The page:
The Myth of the Temporary Farm Bill: Thoughts on the Permanent Farm Bill


"Congress Should Take Back the Farm Bill Clock," http://www.zcomm.org/farm-bill-turn-back-take-back-the-clock-by-brad-wilson.html

"Duped by Chicken Little’s ‘Dairy Cliff?’ That’s Your Brain on Agribusiness," http://www.zcomm.org/duped-by-chicken-little-s-dairy-cliff-that-s-your-brain-on-agribusiness-by-brad-wilson.html.

During the run up to the 2007-8 farm bill, it was often claimed that the original purpose of the farm bill was as a temporary aid to poor rural people during the Great Depression.  But then, they argue, special interests got involved and it kept going on and on.  Henry Wallace is sometimes quoted on this matter.


There are a number of arguments against these claims.


  1. The main provisions of the farm bill as it finally got squared away by the late 1930s were oriented to the management of supply and price, with price floors and supply management on the bottom side, and reserve supplies and price ceilings on the top side.  These were mechanisms to address the failure of free markets for agriculture.  The main farm program crops lack “price responsiveness on both supply and demand sides.  They don’t self correct.  The group of main crops from which farmers select (which varies somewhat from one crop region to another, (ie. corn/soybeans vs. cotton, rice, wheat, vs. etc.), as a group, have relatively small degrees of price responsiveness, and it’s relatively slow.  The main result is that farm prices are usually too low.  So the farm bill was designed to address this problem, which had been a chronic problem in agriculture for decades prior to the first farm bill.  This was not a temporary problem.  It was not caused by the Great Depression, and it did not end when the Depression ended.  It continues to this day, as far as we know.  So there has never been a justification for making the farm bill, as originally developed, temporary.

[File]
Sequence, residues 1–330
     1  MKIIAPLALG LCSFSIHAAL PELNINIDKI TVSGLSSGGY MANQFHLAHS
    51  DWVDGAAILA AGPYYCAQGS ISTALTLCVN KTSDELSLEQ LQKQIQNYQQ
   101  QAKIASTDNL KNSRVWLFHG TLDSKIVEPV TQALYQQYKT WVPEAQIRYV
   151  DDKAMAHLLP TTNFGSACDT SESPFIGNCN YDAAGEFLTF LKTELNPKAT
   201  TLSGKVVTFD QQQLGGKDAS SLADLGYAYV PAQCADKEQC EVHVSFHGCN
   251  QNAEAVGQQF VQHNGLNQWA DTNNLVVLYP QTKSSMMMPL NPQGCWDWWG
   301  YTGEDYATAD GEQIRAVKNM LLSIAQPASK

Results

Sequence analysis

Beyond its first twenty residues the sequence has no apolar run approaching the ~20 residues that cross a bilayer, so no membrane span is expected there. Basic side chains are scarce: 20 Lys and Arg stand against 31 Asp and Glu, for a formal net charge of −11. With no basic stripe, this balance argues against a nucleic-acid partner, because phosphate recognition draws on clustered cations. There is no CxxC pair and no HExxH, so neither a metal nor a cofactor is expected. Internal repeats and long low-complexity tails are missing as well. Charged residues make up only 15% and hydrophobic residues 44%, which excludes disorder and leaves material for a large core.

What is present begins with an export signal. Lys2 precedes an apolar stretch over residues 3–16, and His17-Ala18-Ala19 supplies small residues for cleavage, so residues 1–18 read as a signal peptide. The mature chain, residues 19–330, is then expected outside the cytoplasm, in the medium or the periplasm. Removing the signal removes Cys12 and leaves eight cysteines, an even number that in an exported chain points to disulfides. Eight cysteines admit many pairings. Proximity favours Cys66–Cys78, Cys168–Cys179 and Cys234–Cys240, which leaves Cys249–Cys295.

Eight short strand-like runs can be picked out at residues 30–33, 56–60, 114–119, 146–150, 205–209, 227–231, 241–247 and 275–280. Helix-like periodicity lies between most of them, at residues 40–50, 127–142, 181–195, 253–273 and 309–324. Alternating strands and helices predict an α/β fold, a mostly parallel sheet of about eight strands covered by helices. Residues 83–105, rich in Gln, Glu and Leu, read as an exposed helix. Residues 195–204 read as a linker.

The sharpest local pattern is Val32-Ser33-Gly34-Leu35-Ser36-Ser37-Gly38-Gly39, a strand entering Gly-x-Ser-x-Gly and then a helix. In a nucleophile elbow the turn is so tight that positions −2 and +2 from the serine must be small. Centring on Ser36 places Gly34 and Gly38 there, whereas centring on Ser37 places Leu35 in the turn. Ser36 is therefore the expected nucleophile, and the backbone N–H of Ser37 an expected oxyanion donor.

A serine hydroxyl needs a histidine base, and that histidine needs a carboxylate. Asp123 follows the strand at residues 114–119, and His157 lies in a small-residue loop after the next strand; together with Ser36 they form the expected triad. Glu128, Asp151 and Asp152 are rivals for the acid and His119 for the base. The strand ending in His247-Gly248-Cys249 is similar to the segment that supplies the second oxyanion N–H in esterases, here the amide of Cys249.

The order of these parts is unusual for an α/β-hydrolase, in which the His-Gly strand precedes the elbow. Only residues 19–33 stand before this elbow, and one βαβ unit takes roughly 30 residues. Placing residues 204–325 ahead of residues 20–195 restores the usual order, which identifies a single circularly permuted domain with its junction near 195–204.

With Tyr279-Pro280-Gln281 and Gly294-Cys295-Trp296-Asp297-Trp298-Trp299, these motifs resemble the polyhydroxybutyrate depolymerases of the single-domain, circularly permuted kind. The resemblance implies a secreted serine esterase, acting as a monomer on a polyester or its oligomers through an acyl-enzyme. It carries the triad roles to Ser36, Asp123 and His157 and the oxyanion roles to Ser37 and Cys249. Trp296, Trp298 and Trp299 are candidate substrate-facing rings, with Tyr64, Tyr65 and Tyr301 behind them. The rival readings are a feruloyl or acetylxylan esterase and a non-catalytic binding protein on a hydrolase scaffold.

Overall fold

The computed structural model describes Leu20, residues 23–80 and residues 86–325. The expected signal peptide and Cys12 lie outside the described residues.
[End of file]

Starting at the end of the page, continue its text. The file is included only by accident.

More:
2. These provisions of the Commodity Title, (price floors and ceilings, supply reduction and extra reserve supplies,) were reduced 1953-1995 and then eliminated, even though the need for them has never ended.  So, in fact, the farm bill was temporary, but the need for it continues to be permanent.  As a result of this discrepancy, we’ve had a number of problems.  Farm prices have usually been too low, resulting in farmers going broke and a concentration in agriculture.  Concentration has relied on labor saving measures, which have been fossil fuel intensive.  As fossil fuel prices rise, these farming methods become increasingly unsustainable.  Meanwhile livestock, farming’s main value added enterprise worldwide, have been lost from farms, as giant animal factories and feedlots have obtained feeds (feedgrains like corn and protein sources like soybeans,) at far below actual production costs.  As a result, farms have had less pasture and hay (they compete with the below cost feeds).  This then fosters an oversupply of crops like corn and soybeans, and helps keep prices low, even as demand has grown from increased use as livestock feeds.  Without pastures and hay, farms have less diversified crop rotations, so they are less likely to get environmentally safer nitrogen from the air, but instead must buy poorer kinds of nitrogen from ever larger corporations.  More herbicides and insecticides are also needed.  All of this increases fossil fuel use.  Instead of having livestock graze permanent pastures and spread manure as they go, all by their own power (a kind of draft power,) the tilling, planting, spraying, and harvesting and then the manure spreading, is all done by machines, even over the summer.  Then we have cheap high fructose corn syrup, soybean transfats, and carbohydrates in general.  Meanwhile as crop prices have fallen over the decades, America has usually lost money on farm exports, including the portion of grain that goes into livestock and meat, and various processed products that are exported.  These are some of the problems caused by the ending of the original farm bills.